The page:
In accordance with the invention, the web is drawn over a series of rollers into a vertical path and fed downwardly into a machine head having heat sealing and material severing elements for forming downwardly converging seams defining the neck of the bags and for cutting the material into finish-ed bags. In the exemplary form of the invention illustrated, referring particularly to FIGS. 3 and 4, the machine head 25 is positioned sub stantially centrally of the machine and just beneath the upper horizontal rails 26 of the machine frame structure. The bags emerge from the head inverted, with the contour sealed end or neck 27 (FIG. 1) of the bag hanging down. The finished bag is then severed from the web leaving the bottom 28 of the bag open. At the instant of delivery, in keeping with the invention, a fly stacker 25 takes the bag and lays it fiat on a receiving platform.

The web moves intermittently through the machine head so that the heat sealing and severing operations may be carried out while the web is stopped. For moving the web through the machine, draw rolls 31, 32 are used which are positioned above the machine head and deliver the web to it. Referring to FIGS. 3-5, it will be seen that the horizontal top rails 26 of the upper section 21 of the machine support guide rollers 33 over which the web is trained as it is led from a dancer roll assembly 36 at the receiving end of the machine to the draw rolls. The web during this period of travel also passes over an electric eye scanner 37 which through a control to be later described, synchronizes the operation of the machine head 25 with printed matter which has been previously placed on the web.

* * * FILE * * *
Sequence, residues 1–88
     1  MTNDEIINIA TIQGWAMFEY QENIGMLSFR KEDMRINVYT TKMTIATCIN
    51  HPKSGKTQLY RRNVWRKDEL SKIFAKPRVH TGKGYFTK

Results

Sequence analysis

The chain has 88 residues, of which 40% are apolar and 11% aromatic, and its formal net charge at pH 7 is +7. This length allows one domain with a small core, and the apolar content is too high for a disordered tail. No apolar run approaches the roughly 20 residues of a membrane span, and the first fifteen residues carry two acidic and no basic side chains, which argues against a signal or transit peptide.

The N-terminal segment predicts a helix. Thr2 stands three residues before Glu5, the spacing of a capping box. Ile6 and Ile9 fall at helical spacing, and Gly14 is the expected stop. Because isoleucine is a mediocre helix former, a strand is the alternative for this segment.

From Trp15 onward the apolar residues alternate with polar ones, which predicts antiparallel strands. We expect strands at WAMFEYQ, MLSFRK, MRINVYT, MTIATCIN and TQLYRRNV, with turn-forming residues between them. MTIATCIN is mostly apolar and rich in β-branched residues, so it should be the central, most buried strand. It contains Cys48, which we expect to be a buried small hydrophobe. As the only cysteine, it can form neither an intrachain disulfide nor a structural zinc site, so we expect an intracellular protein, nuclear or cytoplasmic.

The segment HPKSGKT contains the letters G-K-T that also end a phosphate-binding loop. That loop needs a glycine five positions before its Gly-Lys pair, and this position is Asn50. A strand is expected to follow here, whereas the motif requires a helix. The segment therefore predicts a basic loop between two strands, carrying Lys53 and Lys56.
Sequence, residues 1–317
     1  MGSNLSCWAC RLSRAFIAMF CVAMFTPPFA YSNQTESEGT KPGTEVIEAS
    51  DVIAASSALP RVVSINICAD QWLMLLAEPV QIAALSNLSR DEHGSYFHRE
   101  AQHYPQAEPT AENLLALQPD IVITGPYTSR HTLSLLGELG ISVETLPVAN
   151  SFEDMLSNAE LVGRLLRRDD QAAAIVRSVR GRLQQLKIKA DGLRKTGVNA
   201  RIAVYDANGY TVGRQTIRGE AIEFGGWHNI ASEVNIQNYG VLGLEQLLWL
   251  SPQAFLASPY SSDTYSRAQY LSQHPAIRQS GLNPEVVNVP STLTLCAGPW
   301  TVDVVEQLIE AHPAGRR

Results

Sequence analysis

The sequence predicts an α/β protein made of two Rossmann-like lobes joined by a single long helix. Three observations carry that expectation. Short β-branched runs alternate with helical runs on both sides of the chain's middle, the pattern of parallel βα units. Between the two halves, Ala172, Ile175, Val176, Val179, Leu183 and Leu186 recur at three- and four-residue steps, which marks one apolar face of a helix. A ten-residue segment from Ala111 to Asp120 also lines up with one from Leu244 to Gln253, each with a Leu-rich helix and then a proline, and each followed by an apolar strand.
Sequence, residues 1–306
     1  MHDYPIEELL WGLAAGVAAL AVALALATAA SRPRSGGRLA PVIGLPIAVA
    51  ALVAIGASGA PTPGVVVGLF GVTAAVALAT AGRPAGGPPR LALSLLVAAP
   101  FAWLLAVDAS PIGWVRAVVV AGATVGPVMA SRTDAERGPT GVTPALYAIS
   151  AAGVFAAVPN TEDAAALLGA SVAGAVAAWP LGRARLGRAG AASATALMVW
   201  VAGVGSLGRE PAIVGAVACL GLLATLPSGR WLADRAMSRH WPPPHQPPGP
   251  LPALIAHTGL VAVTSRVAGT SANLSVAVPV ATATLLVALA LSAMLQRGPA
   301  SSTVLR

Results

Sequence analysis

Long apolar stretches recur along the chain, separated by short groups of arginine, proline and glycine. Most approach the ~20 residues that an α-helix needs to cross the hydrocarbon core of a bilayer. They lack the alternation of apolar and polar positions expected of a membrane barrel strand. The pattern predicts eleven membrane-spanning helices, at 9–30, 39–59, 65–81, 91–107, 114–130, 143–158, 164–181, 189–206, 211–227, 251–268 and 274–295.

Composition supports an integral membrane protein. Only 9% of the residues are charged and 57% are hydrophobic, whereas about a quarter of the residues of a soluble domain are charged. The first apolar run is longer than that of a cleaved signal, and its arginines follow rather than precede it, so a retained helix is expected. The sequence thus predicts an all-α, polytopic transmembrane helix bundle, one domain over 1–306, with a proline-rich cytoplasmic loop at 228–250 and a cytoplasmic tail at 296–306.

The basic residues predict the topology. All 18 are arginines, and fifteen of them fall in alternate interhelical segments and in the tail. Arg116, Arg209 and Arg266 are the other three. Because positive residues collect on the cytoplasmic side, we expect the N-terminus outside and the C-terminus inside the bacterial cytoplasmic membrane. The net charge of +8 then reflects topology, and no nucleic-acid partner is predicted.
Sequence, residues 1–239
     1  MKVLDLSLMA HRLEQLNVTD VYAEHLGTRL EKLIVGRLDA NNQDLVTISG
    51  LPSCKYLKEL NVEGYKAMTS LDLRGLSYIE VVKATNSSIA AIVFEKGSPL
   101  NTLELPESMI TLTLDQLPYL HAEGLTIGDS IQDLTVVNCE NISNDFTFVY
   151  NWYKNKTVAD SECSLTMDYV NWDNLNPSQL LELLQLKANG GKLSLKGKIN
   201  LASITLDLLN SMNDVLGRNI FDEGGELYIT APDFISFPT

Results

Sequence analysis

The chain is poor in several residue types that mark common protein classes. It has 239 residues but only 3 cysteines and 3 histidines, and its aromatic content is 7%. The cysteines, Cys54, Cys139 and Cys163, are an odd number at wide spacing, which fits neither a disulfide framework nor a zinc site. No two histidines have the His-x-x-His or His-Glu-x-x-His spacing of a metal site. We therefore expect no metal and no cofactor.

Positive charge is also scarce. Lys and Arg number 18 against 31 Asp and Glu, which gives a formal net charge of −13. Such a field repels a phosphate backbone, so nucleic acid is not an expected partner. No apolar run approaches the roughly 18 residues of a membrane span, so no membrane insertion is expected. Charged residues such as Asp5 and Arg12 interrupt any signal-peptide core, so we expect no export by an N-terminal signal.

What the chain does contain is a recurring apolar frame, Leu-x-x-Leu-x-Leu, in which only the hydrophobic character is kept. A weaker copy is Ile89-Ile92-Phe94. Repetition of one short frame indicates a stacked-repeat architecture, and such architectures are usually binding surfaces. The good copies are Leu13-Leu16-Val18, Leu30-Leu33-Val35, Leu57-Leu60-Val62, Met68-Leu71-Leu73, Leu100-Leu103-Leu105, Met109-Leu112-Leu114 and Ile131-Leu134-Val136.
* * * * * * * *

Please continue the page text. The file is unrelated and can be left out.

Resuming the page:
MACHINE HEAD Material heat sealing Turning now to the machine head 25 in greater detail, referring to FIG. 7, it will be seen to comprise a pair of cooperating, horizontally movable platens 40, 41 between which the web passes and which close together to clamp the web, and a pair of cooperating shear knives 42, 4-3 operated in timed sequence with the platens for cutting off the bags. For forming downwardly converging seams in the bag stock, defining the neck of the bags, the forward platen 40 (FIG. 9) carries a heat-sealing element comprised of elongated metal bars 44A, B arranged in a flat V-shape with the point of the V directed downward, and below these bars are heat sealing plates 45A, B which are arranged to engage the web when the platens are brought together. In addition, the bars 44A, B have a core 46 for a heating element which is suitably connected by a lead to a current source. For backing up the material when the platens are brought together the rear platen 41 (FIGS. 7, 8) bears a pad 47 against which the heat-sealing bars 44A, B press. As shown in these figunes the pad is formed by members 48A, B arranged also in flat V shape, and covered with a glass cloth 50 impregnated with a non-tacky substance such as Teflon to reduce friction, which is stretched over the members 48A, B and under the edge of the rear platen and fastened to a bar 51. Under the cloth 50 a resilient insert 50" is mounted to be engaged by the heat sealing plates 45A, B. Thus, the bag stock is clamped between the platens to form the converging seams, the heat-sealing plates also functioning in this preferred embodiment of the invention as a hot knife-cut-otfv by melting the material along the edges of the seams. For mounting purposes the platens are slidably supported and guided on spaced guide rods 55, 56 securely fastened to the end plates or brackets 57, 58 of the machine head. These 4 end plates are rigidly fastened to the upper section 21 of the machine frame (FIG. 8).